## Lerner 582

If you insist on a stop gap measure that might not work everytime you can leave sum -= n right where it is, but, at least IMO, it's not the best way to do things.

## joed13k1941

How do I ignore values outside of 0.0 and 100.0? Thanks for the help Lerner.

## Lerner 582

One way is to use a flag, again. They can be very helpful in controlling loops!

``````bool stillLooking = true;
do
{
cin >> n;
if(n <0 || n > 100)
cout << "try again" << endl;
else
stillLooking = false;
}while(stillLooking);``````

Alternatively:

``````cout << "enter a number between 0-100 inclusive: ";
n = -9999;
while(n < 0 || n > 100)
{
cin >> n;
if(n < 0 || n > 100)
cout << "enter a number between 0-100 inclusive: ";
}``````

should work, too.

## joed13k1941

I redefined sum in the last while loop as sum = sum - n (where n is the last value entered by the user). If i enter a number outside of 0-100 at the beginning of the inputs, it works fine, but if the last number entered is outside of 0-100, it does not work.

## VernonDozier 2,218

I redefined sum in the last while loop as sum = sum - n (where n is the last value entered by the user). If i enter a number outside of 0-100 at the beginning of the inputs, it works fine, but if the last number entered is outside of 0-100, it does not work.

Define "it works". One, you have brackets that don't need to be there. The compiler doesn't care, but it makes it hard for the human eye to follow. Delete the ones you don't need. Two, brackets should line up with the loop or if statement they are associated with. For example:

``````if (count == 0)
{
maxval = n;
minval = n;
}``````

not

``````if (count == 0)
{
maxval = n;
minval = n;
}``````

It makes it much easier to see what goes with what. So define your outer while loop:

``````do
{

}
while (!cin.fail ());``````

Everything inside this loop should be indented so it's clear what's inside the loop and what is not. Within this loop, once you read in the user data, you need to have one or more if statements that tests the data that is entered. You'll have at least three criteria.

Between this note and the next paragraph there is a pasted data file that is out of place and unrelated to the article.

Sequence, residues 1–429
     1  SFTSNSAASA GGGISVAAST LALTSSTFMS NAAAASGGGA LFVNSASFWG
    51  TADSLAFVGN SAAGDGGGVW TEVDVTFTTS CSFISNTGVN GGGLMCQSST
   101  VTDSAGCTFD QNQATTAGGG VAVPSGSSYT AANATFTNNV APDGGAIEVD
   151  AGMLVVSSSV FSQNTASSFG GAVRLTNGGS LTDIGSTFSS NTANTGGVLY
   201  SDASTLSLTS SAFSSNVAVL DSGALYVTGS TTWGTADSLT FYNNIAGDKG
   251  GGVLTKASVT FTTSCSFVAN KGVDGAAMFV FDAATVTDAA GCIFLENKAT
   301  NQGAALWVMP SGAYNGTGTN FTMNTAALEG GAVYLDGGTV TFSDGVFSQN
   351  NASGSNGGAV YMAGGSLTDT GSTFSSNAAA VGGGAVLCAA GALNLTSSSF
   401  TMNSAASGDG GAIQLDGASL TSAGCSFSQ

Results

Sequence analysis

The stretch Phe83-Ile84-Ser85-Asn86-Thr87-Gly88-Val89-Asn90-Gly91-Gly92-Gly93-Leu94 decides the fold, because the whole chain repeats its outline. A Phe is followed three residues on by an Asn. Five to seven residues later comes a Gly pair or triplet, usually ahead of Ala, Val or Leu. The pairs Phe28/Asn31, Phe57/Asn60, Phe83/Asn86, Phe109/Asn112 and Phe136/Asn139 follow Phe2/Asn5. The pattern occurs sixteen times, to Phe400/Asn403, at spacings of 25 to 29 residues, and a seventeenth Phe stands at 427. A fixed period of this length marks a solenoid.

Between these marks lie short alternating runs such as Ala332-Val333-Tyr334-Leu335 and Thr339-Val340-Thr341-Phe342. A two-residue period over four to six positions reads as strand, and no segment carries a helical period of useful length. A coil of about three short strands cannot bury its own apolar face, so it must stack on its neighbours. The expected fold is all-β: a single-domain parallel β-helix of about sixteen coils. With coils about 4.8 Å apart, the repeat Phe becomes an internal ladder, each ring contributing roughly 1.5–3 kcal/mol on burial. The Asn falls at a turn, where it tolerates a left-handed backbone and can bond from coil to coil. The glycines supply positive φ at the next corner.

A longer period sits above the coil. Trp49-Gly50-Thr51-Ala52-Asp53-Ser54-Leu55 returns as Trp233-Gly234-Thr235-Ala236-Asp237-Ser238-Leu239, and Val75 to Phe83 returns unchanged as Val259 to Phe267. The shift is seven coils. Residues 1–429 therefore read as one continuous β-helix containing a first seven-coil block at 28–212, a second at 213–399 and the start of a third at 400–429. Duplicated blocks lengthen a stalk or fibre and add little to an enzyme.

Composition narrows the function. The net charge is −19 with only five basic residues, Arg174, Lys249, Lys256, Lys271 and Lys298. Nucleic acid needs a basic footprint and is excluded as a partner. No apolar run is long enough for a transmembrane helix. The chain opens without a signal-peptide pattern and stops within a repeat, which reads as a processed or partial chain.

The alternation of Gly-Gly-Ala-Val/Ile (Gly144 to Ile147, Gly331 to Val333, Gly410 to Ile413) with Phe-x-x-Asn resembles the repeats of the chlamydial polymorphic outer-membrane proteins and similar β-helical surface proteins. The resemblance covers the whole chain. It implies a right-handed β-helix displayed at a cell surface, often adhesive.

One, user enters a number from 0 to 100. Two, user enters a number, but one that is not from 0 to 100. Three, user enters something that isn't a number. You should, at the least, decide which category the input falls into. You should actually probably split that last category into two categories:

Category 3a: User enters Ctrl-Z.
Category 3b: User enters something that isn't a number and isn't Ctrl-Z

but that will require you to redesign your program considerably. Each category involves executing certain code and not executing other code. So decide which of the three (or four) categories the input belongs to, then have it execute the appropriate code based on that. You'll need one or more if statements to decide which category it belongs to.

Subtracting n from sum after the loop is over is a band-aid that may work, but a better solution is to control what code is executed rather than clean up after code that shouldn't have executed in the first place. Proper indentation of brackets/code within brackets and deleting unnecessary/misleading brackets is key to understanding the program's flow and debugging it.

Using cin.fail () to test for Ctrl-Z is OK if you don't care that other things which aren't Ctrl-Z will be caught by it too, but if you do, you'll need a different solution.

## joed13k1941

I just decided to start over with all of your advice. The ctrl-z seems to have been "built-in." I am very happy to get it done. Thanks for all of your help.

``````#include <iostream>
using namespace std;

int main()
{
double n;
double minval = 0;
double maxval = 0;
double count = 0;
double sum = 0;
double range;

while(cin >> n)
{

if(n < 0 || n > 100)
{
cout << "out of range; value ignored" << endl;
continue;
}

++count;
sum += n;

if (count == 1)
{
maxval = n;
minval = n;
}
if (n > maxval)
{
maxval = n;
}
if (n < minval)
{
minval = n;
}

range = maxval - minval;

}

cout << "The average is " << sum / count << endl;
cout << "The range is " << range << endl;

}``````

## Lerner 582

Except n isn't ignored if it's below zero or above 100. If everything outside the if statement inside the while loop is enclosed in an else statement, then n would be ignored if it is below zero or above 100.

## joed13k1941

It does ignore values entered outside of 0 to 100. Try executing it. Thanks Lerner.

## dexter1984 21

continue;
Do you really need this?

## collegetextbook 12

have u read some reference textbooks? I believe there are many good reference textbooks for C++ study. For me, I use Weiss

Data Structures and Algorithm Analysis in C++, 3rd Edition

well organize and easy to follow.

If you search and buy from internet, you will find very good price for this textbooks. If you need where to buy it, email me at

<snipped>

commented: LOL! +12